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Top 10 Best Horror Movies of All-Time

It’s that time of year again when the spookiest movies come out to play.  We gather around as groups to be simultaneously scared and entertained as we eat gross amounts of candy that we’ll regret a matter of moments after it enters the digestive system.  But which films provide the most entertainment (or the most scares) out of the thousands of possibilities?  Let’s take a look at the best horror movies of all-time:

#10: The Babadook (2014)

The youngest film on the list, The Babadook is a deeply affecting movie that serves as many heartfelt moments as scares.  The scariest films are the those that are relatable on some level, and The Babadook may be one of the most relatable of them all.  This monster that has since become an LGBTQ icon (no, seriously, look it up) is a horrifying stand-in for loss, guilt, and regret, infecting our main characters to their breaking points.

Some believe The Babadook to not necessarily be the most scary film out there, but its layered entity makes for a chilling feature film that will stick with you the more you think about it.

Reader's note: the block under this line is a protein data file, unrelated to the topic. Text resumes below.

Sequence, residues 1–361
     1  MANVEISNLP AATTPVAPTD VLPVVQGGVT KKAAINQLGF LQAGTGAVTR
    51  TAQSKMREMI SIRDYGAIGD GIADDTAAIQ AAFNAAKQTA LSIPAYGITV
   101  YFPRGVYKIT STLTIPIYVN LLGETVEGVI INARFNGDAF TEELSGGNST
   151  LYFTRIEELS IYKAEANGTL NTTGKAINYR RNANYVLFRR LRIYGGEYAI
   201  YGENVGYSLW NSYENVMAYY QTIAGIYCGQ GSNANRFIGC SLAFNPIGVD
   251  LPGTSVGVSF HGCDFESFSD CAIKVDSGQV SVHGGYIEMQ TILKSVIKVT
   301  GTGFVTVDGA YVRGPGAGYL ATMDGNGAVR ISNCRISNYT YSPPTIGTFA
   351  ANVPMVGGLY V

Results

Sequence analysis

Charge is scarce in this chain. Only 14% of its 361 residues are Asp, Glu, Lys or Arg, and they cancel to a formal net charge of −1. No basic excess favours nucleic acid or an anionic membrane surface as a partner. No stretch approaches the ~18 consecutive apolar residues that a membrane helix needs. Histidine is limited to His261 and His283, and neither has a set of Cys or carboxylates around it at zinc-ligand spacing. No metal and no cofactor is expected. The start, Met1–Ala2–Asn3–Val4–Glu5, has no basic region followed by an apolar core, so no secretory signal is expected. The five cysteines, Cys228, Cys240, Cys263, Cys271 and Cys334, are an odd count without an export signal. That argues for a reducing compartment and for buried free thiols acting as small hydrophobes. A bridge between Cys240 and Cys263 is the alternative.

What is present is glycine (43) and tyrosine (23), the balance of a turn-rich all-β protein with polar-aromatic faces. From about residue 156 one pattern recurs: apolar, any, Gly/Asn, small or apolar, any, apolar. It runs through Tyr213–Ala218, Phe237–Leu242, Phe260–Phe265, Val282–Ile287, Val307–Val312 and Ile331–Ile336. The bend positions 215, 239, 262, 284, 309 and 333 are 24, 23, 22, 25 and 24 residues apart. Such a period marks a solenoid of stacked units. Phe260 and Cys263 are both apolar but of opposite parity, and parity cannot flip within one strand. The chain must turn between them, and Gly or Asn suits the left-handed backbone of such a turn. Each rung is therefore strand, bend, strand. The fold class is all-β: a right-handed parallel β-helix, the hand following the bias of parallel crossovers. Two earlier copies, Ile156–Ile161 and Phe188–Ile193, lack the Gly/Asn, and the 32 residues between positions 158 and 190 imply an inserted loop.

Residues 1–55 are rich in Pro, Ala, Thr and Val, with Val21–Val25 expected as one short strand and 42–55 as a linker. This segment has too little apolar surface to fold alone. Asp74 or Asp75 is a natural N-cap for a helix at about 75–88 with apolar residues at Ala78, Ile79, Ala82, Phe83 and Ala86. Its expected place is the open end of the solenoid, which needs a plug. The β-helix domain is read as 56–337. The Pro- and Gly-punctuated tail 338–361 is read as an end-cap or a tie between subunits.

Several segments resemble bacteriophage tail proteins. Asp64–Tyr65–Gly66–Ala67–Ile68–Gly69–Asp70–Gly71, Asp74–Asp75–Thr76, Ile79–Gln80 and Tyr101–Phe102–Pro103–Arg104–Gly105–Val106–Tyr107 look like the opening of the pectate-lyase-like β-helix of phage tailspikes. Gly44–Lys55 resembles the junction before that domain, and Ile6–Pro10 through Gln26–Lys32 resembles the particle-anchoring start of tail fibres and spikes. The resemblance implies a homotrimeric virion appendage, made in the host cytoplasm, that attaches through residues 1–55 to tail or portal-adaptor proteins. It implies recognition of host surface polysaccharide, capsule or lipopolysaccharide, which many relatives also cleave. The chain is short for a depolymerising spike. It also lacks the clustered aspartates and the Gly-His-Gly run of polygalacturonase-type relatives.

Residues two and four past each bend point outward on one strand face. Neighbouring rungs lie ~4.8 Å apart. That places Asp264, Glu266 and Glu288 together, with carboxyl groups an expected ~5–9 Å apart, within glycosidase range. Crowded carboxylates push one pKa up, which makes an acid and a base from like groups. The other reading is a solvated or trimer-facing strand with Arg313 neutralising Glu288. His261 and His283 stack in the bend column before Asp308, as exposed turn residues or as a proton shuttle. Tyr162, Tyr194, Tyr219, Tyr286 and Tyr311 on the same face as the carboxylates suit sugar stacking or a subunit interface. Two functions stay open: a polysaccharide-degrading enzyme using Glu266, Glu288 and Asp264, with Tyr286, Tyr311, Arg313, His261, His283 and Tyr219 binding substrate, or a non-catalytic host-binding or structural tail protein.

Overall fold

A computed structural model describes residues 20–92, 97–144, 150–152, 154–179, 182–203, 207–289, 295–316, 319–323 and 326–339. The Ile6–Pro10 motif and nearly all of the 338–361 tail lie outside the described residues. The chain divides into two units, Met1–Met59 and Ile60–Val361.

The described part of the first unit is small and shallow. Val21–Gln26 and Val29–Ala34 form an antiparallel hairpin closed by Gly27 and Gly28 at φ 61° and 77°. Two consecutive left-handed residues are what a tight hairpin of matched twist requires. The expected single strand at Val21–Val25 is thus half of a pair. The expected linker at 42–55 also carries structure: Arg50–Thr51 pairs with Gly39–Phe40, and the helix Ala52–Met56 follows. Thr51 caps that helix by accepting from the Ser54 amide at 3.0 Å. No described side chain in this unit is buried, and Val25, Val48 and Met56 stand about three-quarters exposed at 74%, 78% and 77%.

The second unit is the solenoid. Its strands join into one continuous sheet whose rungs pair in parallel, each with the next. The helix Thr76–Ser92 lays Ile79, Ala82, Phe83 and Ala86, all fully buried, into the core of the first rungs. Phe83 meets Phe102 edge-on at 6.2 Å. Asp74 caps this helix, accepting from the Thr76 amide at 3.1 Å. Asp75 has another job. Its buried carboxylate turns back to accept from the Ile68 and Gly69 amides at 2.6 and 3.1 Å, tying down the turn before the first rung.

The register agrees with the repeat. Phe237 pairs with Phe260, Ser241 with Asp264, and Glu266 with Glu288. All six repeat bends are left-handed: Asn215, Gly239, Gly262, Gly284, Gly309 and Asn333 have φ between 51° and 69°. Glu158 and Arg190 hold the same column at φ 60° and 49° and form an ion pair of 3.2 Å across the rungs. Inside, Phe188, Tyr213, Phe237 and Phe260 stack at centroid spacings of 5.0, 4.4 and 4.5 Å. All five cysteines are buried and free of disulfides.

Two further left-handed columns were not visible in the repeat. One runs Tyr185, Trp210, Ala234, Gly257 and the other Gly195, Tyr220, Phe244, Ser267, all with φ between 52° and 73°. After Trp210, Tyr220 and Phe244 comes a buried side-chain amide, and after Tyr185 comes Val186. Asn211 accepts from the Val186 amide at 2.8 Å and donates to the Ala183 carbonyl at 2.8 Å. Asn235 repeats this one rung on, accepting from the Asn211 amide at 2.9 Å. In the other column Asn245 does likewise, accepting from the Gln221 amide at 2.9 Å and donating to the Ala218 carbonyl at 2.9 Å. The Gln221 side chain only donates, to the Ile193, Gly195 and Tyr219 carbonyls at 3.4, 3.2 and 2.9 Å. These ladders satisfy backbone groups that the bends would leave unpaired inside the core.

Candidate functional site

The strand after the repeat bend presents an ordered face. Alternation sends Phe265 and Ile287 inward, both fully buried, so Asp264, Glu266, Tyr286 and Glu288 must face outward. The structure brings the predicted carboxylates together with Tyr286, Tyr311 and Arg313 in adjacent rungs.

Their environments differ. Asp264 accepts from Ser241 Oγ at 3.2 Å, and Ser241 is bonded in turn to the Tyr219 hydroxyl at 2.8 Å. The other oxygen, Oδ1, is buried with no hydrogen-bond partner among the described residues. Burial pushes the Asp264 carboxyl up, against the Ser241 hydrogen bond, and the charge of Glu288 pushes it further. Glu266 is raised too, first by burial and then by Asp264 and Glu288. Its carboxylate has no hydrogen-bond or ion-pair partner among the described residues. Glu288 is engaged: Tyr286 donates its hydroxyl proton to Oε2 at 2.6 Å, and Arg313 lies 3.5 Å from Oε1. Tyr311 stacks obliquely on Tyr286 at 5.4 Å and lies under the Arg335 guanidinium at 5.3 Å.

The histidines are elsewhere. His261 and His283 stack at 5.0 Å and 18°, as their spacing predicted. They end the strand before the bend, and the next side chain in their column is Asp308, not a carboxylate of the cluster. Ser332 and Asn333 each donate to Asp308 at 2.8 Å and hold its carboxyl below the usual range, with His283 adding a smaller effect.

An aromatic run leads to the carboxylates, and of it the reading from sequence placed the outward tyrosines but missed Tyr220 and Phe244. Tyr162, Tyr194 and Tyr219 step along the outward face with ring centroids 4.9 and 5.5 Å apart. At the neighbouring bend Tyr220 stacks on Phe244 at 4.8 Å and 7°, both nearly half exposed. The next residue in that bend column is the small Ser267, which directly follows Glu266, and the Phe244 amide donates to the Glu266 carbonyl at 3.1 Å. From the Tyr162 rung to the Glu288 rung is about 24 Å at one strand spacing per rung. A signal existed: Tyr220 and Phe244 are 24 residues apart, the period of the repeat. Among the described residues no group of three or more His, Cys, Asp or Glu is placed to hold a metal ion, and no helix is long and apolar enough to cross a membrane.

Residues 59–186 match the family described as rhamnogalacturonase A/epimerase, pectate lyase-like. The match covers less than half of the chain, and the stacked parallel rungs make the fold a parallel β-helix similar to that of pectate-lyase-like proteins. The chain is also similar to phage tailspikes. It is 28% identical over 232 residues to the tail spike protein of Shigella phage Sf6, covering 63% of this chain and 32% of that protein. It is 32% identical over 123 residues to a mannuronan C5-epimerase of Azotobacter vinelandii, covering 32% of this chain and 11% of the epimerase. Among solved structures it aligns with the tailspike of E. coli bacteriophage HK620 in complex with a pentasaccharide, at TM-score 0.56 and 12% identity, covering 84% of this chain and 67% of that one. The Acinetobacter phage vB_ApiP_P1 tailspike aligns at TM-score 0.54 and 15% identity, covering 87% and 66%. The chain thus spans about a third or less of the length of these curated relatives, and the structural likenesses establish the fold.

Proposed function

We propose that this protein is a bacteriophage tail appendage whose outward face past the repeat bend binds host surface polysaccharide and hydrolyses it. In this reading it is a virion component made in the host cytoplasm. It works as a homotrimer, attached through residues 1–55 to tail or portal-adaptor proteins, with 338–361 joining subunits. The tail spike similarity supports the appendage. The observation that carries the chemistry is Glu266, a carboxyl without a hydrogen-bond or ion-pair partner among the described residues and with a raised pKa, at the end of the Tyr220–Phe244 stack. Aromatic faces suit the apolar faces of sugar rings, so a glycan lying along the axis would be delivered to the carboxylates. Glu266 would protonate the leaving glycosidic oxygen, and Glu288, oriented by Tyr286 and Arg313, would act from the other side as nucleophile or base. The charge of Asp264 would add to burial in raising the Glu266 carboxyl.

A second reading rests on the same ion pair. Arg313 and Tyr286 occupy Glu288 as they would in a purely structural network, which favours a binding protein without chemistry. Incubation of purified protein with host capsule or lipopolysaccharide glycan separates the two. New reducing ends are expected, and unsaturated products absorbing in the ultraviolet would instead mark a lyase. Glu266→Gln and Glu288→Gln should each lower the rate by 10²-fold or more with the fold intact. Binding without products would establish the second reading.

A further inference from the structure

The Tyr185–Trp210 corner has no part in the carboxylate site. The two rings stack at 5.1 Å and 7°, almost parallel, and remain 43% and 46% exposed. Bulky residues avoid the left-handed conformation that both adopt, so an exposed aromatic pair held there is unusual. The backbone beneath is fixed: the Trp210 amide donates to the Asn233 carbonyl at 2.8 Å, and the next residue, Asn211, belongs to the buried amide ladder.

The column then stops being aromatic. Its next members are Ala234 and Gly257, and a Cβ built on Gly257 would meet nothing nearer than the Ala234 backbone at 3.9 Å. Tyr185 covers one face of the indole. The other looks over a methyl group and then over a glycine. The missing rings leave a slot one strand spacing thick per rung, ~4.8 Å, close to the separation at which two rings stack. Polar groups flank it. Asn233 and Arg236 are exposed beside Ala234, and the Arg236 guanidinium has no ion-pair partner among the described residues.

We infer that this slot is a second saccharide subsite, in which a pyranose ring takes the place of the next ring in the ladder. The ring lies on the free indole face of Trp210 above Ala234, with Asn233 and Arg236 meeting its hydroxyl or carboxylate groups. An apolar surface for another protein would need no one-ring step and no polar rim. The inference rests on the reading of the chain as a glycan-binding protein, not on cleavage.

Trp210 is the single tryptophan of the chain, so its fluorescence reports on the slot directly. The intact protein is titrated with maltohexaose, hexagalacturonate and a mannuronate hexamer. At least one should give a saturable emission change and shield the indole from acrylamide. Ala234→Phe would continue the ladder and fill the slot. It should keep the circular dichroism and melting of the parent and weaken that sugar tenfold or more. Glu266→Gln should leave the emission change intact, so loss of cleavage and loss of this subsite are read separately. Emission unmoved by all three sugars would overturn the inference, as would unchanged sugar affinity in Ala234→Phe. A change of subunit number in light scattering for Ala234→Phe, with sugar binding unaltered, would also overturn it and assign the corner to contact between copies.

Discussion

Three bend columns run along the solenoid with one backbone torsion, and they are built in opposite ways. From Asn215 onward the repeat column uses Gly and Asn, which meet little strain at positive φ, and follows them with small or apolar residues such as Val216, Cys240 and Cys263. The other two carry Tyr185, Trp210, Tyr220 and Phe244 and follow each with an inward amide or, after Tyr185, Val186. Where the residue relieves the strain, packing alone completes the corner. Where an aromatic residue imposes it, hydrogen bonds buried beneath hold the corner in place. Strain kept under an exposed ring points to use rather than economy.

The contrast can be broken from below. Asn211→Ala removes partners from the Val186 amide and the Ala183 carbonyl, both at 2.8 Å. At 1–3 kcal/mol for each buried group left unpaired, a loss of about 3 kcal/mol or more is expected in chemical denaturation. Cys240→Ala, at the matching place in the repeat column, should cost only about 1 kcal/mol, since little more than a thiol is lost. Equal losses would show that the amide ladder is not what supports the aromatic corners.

Rotten Tomatoes Critics’ Score: 98%

Metacritic Score: 86

#9: Psycho (1960)

Without Psycho, we may not have gotten the rest of the films on this very list.  Everyone knows Hitchcock’s masterpiece for its shower scene and screechy score, but Hitchcock conjured a masterfully edited film that defied literally every convention of its time.  Shockingly, Psycho was panned upon initial release, mostly because people just weren’t ready to handle its elements.

There are some deeply unnerving performances in this film that have stood the test of time, making Psycho more than just a film that gets credit because it’s old.

Rotten Tomatoes Critics’ Score: 97%

Metacritic Score: 97

#8: A Nightmare on Elm Street (1984)

There simply can’t be a list of the best horror movies without Freddy making an appearance somewhere on it.  A Nightmare on Elm Street continues to be one of the most inventive horror premises, and one of the most scary.  The idea of an entity killing you in your sleep makes it so that you’re never safe.  The only way to continue to live is to go insane by sleep deprivation or face the killer head-on.  There’s no room to run.

The character became incredibly silly and broke the fourth wall in later iterations, but the original strikes a good balance between the two, creating an experience that is both scary and fun.